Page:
If you’re an investor and you own rental property in Sacramento or the surrounding area, you may be wondering how you can prepare for an emergency. If there’s a disaster, whether it’s local or global, you want to be prepared.

Today, we are talking to Sacramento investors and property owners about some of the things they should be thinking about.

Proactive Planning for Sacramento Investors

It’s very important to be proactive. You need to have a detailed and strong plan in place ahead of time so you’re not scrambling to figure things out in the middle of the emergency. The best offense is a great defense, and you can defend yourself and your property against all the uncertainty and fear that comes with emergencies by having a good crisis plan in place.

There are several things to address in your emergency plan. If you’re renting out a multi-family property, for example, you’ll want to be sure that all the exits are clearly marked. If all of your tenants need to vacate the property immediately or in the dark, they’ll need to know exactly how to get out. If you’re renting out a single-family home, make sure it’s up to code and not vulnerable to any potential natural disasters that could occur without warning. There are lots of laws and regulations around earthquake strapping on water heaters, for example. Those laws are in place for a reason.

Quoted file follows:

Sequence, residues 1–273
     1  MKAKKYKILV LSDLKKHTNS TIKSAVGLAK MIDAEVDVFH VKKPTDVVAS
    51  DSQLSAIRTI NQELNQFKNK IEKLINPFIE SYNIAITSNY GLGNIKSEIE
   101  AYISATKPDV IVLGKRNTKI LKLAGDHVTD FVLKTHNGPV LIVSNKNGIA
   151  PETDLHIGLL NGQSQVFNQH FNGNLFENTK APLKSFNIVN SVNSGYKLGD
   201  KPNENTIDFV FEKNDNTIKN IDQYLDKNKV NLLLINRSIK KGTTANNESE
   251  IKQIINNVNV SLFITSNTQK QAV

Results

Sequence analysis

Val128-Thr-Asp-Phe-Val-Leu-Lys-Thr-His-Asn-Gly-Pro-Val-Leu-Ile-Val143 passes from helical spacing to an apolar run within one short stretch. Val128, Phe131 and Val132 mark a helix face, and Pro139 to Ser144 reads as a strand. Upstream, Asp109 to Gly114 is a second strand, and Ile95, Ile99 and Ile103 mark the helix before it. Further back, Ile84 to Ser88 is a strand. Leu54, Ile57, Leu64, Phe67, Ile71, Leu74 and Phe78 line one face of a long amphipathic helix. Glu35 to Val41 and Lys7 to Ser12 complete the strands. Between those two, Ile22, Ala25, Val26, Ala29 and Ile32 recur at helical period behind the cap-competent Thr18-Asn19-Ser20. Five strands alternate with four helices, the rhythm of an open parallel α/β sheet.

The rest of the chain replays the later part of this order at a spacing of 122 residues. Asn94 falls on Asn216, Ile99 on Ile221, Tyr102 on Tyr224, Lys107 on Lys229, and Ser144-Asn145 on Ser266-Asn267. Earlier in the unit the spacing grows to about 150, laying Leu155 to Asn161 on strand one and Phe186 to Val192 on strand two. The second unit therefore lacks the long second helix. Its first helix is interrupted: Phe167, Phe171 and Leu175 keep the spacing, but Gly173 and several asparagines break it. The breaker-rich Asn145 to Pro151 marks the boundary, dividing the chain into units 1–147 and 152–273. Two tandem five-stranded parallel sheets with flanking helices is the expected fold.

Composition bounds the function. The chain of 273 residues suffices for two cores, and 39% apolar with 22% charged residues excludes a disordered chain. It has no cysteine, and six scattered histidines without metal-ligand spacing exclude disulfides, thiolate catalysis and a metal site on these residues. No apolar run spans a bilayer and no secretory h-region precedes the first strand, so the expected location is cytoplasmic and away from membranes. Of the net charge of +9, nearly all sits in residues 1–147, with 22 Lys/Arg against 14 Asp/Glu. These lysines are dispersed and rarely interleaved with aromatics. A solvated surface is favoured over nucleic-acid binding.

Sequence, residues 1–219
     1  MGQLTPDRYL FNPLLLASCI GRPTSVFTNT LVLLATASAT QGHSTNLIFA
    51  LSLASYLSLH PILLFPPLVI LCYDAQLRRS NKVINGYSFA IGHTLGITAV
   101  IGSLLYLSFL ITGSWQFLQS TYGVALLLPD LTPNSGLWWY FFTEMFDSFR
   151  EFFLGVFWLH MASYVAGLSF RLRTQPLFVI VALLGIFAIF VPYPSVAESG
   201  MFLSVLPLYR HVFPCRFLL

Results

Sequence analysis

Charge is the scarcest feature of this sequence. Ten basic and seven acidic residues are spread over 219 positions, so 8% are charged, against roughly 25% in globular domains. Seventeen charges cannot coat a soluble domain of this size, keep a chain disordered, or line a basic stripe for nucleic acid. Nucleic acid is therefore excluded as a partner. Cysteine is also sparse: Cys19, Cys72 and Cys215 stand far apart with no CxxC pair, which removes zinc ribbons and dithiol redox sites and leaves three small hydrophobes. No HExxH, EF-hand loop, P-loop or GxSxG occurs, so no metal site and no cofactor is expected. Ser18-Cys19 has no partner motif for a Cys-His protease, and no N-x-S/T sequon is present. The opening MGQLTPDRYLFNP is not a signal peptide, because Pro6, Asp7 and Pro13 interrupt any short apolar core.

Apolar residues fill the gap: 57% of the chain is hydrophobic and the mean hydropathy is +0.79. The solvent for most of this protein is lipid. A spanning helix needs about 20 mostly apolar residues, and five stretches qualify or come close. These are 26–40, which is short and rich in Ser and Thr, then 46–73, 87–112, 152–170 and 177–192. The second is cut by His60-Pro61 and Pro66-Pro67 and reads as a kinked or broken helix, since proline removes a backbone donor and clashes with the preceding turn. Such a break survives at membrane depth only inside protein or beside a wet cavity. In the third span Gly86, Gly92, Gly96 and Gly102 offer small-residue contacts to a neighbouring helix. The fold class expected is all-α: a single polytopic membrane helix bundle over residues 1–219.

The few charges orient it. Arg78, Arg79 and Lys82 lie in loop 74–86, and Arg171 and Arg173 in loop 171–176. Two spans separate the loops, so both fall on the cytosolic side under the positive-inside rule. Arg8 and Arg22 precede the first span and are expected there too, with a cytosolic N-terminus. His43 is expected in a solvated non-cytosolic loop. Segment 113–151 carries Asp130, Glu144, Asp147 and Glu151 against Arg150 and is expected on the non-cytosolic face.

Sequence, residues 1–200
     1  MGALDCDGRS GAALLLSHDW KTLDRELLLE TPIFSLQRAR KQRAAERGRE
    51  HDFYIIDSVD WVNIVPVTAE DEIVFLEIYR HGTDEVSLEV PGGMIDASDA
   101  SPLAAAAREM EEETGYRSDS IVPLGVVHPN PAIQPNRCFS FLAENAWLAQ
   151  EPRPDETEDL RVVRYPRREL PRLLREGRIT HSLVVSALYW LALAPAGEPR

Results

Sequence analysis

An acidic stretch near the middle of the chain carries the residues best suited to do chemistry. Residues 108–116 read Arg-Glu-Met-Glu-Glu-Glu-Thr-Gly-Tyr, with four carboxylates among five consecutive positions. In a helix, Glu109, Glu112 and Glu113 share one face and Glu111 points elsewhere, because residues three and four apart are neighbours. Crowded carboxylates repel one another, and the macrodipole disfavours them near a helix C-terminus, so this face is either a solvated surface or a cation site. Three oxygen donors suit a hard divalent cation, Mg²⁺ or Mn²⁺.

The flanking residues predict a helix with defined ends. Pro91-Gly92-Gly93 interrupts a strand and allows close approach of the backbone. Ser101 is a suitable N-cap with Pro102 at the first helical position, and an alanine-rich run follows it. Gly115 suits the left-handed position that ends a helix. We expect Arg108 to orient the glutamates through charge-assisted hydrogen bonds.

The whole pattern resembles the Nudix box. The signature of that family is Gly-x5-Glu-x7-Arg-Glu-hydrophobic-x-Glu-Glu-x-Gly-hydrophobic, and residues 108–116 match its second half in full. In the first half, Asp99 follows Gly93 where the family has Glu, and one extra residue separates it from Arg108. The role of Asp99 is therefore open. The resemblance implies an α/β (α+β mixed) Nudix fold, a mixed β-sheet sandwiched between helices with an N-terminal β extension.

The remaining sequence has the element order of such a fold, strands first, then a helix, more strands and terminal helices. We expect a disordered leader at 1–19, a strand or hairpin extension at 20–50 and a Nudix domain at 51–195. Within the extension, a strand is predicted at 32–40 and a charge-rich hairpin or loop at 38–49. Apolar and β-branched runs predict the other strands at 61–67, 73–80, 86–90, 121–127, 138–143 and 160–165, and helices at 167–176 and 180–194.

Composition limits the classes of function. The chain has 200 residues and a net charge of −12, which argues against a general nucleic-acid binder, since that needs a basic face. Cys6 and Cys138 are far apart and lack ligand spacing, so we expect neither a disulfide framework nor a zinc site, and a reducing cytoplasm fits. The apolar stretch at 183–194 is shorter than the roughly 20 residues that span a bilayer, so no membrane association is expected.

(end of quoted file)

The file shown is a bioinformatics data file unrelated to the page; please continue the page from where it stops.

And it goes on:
Have all of this in place before you need it.

Educate your Sacramento Residents

Let your residents know how to protect themselves and your property during an emergency. They should know where the shut-off valves are for water and natural gas, and they should also know how to get to the closest local hospital. Taking care of your property is a priority, but the safety and security of your residents has to be part of your planning process.